Smith, John C. (1987). Investigation of an unidentified lizard carcase discovered in Senegal. Journal of Lizard Studies, 33 (no. 2; September): 52-59.
Smith, John C. (1987). Mystery cat on the loose in Wales. Daily Exclusive (London), 4 February: 23.
For online sources, if an author name is given, it should be presented in the same style as for books and articles, followed by the year and title of the source, which should adhere to the style format given above for a hard-copy journal article, followed by the website's title, then the complete URL, date of posting if given, and the date upon which it was accessed by the paper's author(s). Here is an example:
Shuker, Karl P.N. (2012). Quest for the kondlo – Zululand's forgotten mystery bird. ShukerNature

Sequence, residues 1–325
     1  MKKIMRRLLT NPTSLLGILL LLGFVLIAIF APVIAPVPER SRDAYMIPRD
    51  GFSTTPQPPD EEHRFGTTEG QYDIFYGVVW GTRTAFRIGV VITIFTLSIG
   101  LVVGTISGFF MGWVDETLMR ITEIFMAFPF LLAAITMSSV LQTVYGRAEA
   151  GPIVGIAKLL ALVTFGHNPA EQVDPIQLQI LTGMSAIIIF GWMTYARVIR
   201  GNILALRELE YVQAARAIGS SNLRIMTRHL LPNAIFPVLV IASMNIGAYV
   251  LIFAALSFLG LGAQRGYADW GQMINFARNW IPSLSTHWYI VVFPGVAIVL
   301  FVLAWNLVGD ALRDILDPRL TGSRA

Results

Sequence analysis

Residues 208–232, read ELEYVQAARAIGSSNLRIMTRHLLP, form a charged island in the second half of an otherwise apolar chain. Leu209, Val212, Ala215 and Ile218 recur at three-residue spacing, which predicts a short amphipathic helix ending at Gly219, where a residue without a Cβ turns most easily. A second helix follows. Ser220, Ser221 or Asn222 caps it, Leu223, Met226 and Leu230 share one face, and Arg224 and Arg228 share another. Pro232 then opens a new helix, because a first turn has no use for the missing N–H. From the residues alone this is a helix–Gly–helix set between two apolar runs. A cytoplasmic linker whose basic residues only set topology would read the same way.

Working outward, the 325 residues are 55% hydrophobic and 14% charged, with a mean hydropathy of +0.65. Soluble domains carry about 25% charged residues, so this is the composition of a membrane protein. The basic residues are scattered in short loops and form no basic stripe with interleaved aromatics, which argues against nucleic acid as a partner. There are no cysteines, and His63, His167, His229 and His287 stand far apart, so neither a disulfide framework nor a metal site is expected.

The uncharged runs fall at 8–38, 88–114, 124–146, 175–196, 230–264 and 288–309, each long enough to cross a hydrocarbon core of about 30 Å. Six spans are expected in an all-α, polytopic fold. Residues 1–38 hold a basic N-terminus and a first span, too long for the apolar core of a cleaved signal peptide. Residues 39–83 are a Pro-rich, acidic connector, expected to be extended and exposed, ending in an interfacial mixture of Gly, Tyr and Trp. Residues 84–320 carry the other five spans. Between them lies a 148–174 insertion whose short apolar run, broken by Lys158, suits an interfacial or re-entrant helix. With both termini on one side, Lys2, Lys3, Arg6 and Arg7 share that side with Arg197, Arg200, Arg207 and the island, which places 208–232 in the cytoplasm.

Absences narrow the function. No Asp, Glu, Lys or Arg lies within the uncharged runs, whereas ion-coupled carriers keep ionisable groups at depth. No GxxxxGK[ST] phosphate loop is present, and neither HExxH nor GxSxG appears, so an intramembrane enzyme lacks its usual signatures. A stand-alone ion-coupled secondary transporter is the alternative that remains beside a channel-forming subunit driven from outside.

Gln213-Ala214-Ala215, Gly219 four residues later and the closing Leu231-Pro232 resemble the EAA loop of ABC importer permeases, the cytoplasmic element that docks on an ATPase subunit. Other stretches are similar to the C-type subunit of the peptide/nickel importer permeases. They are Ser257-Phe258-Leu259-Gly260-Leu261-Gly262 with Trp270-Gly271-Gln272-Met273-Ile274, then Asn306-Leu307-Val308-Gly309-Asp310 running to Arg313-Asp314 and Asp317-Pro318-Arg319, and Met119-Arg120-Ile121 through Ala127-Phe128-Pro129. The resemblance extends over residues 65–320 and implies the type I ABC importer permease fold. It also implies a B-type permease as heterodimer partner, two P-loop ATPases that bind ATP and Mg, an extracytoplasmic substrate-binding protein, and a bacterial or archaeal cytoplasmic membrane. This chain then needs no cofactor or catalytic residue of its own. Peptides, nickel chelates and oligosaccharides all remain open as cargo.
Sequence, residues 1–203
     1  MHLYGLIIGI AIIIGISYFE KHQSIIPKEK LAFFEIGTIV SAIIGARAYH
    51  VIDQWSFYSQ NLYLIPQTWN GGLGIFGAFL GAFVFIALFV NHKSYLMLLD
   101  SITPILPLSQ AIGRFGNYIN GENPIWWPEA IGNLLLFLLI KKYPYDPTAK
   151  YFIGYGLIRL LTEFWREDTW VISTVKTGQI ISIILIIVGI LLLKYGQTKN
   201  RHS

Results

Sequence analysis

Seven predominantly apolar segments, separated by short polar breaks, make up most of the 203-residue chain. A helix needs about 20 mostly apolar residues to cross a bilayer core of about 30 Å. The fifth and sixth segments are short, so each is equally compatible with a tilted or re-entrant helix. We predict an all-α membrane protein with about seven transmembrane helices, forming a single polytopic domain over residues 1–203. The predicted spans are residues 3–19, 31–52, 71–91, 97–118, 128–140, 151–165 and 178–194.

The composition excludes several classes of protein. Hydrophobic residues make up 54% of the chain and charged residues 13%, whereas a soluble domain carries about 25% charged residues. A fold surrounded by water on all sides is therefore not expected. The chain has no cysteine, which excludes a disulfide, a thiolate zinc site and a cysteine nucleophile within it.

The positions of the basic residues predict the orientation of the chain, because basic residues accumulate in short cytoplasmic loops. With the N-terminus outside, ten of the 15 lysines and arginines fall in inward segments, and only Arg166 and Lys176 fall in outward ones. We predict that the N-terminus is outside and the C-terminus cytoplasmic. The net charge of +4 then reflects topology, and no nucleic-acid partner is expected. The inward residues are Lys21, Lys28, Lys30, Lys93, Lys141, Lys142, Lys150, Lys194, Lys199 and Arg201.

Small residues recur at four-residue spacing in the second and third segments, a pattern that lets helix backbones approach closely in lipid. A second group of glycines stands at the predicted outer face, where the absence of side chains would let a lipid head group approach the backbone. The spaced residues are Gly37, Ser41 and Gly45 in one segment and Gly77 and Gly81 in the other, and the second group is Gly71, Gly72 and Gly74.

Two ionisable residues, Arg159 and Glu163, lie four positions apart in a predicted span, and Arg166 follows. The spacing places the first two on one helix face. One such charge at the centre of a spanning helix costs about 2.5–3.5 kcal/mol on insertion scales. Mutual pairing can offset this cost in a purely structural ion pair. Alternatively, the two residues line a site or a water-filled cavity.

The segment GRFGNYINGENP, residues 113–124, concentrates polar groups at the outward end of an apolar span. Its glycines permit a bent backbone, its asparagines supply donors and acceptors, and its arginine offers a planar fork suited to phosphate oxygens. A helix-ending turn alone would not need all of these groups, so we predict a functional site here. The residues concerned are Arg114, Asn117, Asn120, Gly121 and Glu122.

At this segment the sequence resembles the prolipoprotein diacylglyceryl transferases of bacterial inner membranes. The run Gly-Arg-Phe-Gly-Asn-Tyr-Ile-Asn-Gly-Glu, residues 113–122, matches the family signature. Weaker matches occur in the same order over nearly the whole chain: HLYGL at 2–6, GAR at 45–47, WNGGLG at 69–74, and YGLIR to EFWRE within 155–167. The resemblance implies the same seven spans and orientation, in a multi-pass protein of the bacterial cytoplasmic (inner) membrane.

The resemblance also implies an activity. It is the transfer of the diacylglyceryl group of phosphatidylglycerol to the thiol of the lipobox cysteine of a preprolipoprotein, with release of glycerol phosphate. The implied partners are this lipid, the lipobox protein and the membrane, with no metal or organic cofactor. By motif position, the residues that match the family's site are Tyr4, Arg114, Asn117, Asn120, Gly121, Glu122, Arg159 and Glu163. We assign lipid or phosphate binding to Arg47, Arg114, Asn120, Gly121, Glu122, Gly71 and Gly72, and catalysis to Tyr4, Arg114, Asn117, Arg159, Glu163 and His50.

http://www.karlshuker.blogspot.com/2012/02/quest-for-kondlo-zululands-forgotten.html 21 February. Accessed 29 January 2013.
If no author is given, simply begin the reference with Anon. and then give the article's publication year, title, etc as above.
References inserted directly in the paper's main text should take the form of: Smith (1988), Jones (1989). Or, if cited within brackets in the main text, they should take the form of (Smith, 1988; Jones, 1989).
Always utilise the UK-English spelling variant of a given word if it differs from the American-English equivalent, e.g. colour, not color; organise, not organize; through, not thru; grey, not gray.
In text, please insert only a single space, not two spaces, between the full stop (period) at the end of one sentence and the capital letter beginning the first word of the next sentence.
Wherever possible, the metrical system of measurements should always be employed in manuscripts. However, when directly quoting historical documents that contain imperial measurements, it is permitted to retain these for purposes of accurate reporting, provided that their metrical equivalents are included directly alongside them in square brackets, e.g. 1 ft [30 cm].
Please email all submissions to the Editor at: email@example.com